Suspension Basics

The suspension system of your vehicle consists of the parts that connect your vehicle to its wheels and allows for movement between the two. The suspension system regulated the bouncing motion your car would go throughout on the road, thus making your drive more manageable. It also protects your vehicle from damage and wear. No matter how you drive, your suspension will be affected. Driving on dirt or gravel, off-roading, and braking hard all use your suspension. A good suspension system should be able to last through hours of forceful use in both daily and extreme circumstances. However, eventually, all suspension systems will wear down and even break in extreme circumstances. It is important to know about the parts of your suspension and also warning signs of when they need to be replaced.

Suspension Parts


Most cars have four springs that are made of steel or fiberglass and wound in a spiral shape. They hold the weight of the car and absorb the energy of a bump in the road. Springs are designed to last the lifetime of a vehicle and should rarely need replacing if they are sized properly. However, they can be damaged. If your car is on level ground but one corner is lower than the others, then that is a sign of a damaged spring. Also, if you hear clunking noises over bumps or your car doesn’t turn on corners well, then you may have a damaged spring.

Shock Absorbers

Also called “dampers,” shock absorbers work to minimalize the natural tendency your springs have to oscillate. They use oil and gasses to absorb excess energy from the springs. If your car only had springs, it would wobble, shudder and bump along the road. When they wear out, you’ll notice more bouncing after a bump and a lot of shaking over rough roads because they can’t keep the tires planted on the pavement. To test your shock absorbers, push down on one corner of your vehicle and count how many times it bounces. If it bounces more than twice, then your shocks are worn.


The strut combines the spring and shock absorbers into one unit. When struts are worn, there could be excessive vehicle-weight transfer from side to side and front to back. This reduced the ability of your tires to grip the road, thus affecting handling and braking performance.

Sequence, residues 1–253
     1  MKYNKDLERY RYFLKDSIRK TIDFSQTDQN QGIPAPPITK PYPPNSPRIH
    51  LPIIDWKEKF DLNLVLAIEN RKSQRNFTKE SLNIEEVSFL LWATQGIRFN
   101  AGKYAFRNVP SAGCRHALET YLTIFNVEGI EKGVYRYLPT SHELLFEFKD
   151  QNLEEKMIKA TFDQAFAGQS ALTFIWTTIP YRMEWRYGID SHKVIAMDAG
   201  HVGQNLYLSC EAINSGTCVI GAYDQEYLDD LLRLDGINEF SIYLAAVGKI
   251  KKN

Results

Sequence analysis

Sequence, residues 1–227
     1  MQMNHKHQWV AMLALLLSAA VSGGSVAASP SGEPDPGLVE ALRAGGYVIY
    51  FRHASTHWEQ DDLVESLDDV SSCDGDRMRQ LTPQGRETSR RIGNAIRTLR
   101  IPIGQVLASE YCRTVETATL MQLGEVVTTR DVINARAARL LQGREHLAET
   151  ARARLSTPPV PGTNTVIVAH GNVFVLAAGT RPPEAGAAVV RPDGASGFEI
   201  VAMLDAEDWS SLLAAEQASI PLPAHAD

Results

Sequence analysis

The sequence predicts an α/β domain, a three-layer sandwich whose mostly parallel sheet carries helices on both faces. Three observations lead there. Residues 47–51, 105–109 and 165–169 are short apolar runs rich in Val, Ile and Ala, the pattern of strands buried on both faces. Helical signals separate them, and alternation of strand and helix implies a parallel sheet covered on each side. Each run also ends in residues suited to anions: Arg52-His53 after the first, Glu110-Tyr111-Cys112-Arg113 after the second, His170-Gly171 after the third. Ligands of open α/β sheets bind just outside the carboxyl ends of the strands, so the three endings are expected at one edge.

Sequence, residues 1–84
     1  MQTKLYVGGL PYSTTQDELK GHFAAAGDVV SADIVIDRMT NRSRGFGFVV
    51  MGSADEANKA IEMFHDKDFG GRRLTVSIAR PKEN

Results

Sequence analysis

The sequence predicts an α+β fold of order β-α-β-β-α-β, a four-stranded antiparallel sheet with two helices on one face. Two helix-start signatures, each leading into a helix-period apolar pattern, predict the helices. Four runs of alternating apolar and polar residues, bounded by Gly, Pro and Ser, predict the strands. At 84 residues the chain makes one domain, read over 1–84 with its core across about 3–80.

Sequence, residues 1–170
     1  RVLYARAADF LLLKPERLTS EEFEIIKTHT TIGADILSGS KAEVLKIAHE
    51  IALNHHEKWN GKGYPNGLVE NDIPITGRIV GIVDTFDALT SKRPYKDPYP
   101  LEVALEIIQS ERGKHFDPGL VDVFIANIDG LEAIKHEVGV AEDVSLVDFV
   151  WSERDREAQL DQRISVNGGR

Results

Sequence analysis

Anti-sway/Roll Bars

When you turn your vehicle, there are forces that want to roll your car’s body to the outside of the turn. Anti-sway/roll bars work to counteract this and keep your wheels in contact with the ground. Anti-saw bars are metal rods that cross the entire axle and connect each side of the suspension together. When the suspension moves up and down at one wheel, the anti-sway bar will transfer movement to the other wheel reducing vehicle sway.

Control arms

Control arms are hinges that hold the wheels to the frame and connect the steering to the wheels. They have bushings which are rubber or metal parts that help absorb shock.  Your lower control arm bushings are more prone to wear out on front-wheel-drive cars than on rear-wheel-drive cars.When the bushings wear, they can cause ride and handling problems and accelerate tire wear. A bent control arm can also cause this problem. If you hear clunks or rattling, your wheels are moving back and forth in acceleration and braking, or you have loose, imprecise steering, then it is time to check your control arms.


The spindle connects the lower control arm and the upper control arm. It is the center point for your wheel and rotor to rotate around and should remain as parallel to the road as possible.

Ball joints

Ball joints connect your control arms to the spindle, helping your vehicle to move up and down with the road. They absorb some of the shock from up and down movement and rotate as the steering angle changes. Ball joints are usually lubricated with grease and then sealed and some have a grease fitting that allows for adding more grease. If you hear squeaking or creaking, especially when turning, then your ball joints need to be replaced. If your ball joint breaks, then your suspension parts will drag on the ground.

Suspension Maintenance

You should check your owner’s manual for a mileage estimate for your suspension parts. Depending on how you drive and your road conditions, your shocks and struts will need to be replaced between 60,000 and 75,000 miles. For general maintenance you should check your shocks or struts for leakage. You should also pay attention to how your car handles, noting if the ride is becoming more bouncy and uncomfortable. Have your mechanic check your ball joints at least twice a year or whenever your car is inspected. If your ball joints separate, you can lose control of your vehicle. Make sure you or your mechanic lubricates the ball joints and any other suspension components at each oil change.

If you suspect that there is a problem with your vehicle’s suspension system, schedule an appointment with the Auto Clinic of Stuart. We will help you get on the road safely and make sure your suspension system stays in good working condition.